After You Return
After routine travel for short amounts of time, a medical examination is usually not necessary once you return home. The CDC has no official guidelines for screening international travelers who do not show any symptoms of a disease except in special populations, such as refugees or international adoptees.
However, in certain circumstances, it is advisable to be seen by your doctor. Those circumstances include:
- People who have fever, diarrhea, vomiting, jaundice, urinary problems, skin or genital infections, or flu-like symptoms shortly after returning from travel should have a medical examination immediately.
- After visiting a malaria-risk area, people who develop a fever, flu-like symptoms, or become ill while traveling or within a year after returning home should see a doctor immediately for medical care.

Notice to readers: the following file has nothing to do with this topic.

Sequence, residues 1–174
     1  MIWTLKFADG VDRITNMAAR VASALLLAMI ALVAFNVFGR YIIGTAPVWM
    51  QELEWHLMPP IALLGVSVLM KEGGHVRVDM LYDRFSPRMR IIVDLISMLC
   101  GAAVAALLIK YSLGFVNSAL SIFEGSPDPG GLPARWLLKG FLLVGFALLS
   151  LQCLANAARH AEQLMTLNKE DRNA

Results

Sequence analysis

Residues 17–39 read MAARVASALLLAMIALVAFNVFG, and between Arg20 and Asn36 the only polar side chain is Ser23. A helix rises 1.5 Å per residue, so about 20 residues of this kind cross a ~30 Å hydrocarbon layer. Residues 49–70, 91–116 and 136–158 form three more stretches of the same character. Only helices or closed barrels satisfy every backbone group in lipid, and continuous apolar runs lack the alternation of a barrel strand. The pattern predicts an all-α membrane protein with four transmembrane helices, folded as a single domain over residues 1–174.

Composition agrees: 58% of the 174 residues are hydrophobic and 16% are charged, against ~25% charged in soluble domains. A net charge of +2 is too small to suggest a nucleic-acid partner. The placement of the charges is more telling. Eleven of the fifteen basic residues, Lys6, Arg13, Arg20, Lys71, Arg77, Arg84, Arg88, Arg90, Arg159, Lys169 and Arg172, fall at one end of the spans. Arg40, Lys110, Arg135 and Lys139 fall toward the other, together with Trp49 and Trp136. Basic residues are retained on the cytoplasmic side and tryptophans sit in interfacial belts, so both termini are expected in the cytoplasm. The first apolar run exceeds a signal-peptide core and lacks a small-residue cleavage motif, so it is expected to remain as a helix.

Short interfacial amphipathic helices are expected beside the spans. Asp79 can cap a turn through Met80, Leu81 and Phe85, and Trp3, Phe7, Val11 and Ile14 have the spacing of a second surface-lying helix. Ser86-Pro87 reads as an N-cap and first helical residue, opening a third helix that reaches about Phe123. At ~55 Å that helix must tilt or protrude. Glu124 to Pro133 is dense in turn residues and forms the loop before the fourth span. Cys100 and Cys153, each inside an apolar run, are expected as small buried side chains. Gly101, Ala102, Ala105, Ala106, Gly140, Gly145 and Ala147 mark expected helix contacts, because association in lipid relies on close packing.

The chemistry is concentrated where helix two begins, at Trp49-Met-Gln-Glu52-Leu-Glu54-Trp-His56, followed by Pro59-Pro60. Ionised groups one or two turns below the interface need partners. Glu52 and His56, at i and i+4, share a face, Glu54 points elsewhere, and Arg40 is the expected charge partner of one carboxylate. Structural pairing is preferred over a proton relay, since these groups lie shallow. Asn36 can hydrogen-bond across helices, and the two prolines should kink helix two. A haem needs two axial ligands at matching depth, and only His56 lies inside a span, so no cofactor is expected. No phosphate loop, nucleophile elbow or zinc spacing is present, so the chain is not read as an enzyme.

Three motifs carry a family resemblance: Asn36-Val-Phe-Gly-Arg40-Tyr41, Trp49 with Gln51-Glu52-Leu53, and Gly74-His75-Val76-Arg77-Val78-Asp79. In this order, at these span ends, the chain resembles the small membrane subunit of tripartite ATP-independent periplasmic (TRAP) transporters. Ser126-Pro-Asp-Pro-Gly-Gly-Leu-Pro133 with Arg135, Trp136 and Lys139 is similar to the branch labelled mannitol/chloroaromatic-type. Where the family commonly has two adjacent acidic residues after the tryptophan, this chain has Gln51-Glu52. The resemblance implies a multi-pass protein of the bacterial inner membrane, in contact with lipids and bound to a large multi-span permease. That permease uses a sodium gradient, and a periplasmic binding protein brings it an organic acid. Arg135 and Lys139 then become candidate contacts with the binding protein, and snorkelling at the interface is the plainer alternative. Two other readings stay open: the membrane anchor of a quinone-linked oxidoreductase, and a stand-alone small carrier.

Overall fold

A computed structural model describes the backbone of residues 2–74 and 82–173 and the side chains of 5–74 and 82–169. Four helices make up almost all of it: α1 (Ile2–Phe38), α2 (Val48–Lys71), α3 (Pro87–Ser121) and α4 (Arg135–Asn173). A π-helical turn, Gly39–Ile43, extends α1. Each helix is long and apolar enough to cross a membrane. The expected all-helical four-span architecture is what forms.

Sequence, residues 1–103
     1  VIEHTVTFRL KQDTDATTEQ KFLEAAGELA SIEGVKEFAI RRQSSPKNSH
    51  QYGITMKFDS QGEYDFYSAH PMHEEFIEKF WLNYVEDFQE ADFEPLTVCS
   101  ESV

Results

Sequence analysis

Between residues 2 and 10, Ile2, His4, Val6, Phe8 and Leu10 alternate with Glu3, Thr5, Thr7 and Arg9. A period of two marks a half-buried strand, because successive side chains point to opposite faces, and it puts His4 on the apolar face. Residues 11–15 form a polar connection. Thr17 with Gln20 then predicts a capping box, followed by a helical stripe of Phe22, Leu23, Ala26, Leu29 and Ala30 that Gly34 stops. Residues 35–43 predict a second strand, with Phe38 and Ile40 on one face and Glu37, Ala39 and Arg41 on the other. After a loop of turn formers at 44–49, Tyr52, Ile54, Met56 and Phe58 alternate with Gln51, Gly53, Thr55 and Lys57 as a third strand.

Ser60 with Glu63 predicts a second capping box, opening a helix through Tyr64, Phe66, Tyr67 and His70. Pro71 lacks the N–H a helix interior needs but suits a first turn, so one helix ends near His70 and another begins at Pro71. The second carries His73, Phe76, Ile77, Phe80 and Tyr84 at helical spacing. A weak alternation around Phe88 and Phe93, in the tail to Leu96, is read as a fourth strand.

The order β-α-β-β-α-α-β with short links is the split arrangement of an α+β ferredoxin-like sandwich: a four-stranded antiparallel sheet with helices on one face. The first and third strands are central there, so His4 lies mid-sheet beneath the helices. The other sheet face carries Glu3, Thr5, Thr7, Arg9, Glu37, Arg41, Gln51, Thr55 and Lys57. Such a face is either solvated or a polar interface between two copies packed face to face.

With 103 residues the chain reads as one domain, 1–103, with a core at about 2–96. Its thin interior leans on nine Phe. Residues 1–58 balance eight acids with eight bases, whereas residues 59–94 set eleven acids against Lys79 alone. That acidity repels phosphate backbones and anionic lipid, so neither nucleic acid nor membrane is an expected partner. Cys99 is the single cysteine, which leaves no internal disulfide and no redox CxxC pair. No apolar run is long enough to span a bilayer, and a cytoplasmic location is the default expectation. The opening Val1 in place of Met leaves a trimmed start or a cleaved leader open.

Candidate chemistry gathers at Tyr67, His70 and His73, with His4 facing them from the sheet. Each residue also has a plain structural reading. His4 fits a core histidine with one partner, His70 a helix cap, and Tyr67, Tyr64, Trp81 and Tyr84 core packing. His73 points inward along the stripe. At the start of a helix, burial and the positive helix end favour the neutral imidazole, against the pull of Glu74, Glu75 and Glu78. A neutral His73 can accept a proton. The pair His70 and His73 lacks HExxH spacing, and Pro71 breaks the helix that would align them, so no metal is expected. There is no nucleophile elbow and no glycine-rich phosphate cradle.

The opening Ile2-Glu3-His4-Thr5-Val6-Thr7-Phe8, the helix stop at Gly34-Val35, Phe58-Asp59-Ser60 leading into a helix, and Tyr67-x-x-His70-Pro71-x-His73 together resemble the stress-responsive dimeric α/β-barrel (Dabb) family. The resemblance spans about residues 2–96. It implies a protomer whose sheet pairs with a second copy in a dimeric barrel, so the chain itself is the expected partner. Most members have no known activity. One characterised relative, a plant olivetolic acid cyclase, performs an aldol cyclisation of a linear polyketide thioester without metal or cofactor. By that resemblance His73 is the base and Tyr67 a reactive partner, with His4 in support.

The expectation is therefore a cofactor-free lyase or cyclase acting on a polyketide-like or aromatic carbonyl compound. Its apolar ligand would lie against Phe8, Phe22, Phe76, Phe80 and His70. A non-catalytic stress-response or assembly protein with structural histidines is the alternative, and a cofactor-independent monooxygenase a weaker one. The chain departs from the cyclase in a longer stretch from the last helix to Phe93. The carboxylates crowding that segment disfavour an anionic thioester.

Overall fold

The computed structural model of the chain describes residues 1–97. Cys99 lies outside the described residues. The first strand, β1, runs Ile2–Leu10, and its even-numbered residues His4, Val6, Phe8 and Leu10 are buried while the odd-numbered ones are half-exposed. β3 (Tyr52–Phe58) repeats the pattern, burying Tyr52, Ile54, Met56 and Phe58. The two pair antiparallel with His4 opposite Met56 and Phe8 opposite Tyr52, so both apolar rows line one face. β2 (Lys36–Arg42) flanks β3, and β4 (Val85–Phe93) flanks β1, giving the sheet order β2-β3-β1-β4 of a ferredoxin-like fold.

- People with known high-risk exposures that are linked to the transmission of certain agents, even if there are no current symptoms.
- People who have engaged in casual unprotected sex or have received an injection, a tattoo, or body piercing may be screened for specific diseases.
- People who suffer from chronic diseases, such as HIV or AIDS, heart disease, cancer, diabetes, and/or liver disease should consult with their doctor for recommendations regarding medical care after returning home.
- Having a medical examination after staying abroad many months or longer is advised. Although certain diseases do not develop immediately after travel, some may appear within a few weeks. Anyone who becomes ill after returning from extended travel abroad should contact his or her doctor immediately.
There is always the possibility that a person who has been traveling has contracted an unusual disease--one with symptoms that do not become evident until many months following exposure (for example, malaria). Consult your doctor for more information.
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Online Resources of Travel Medicine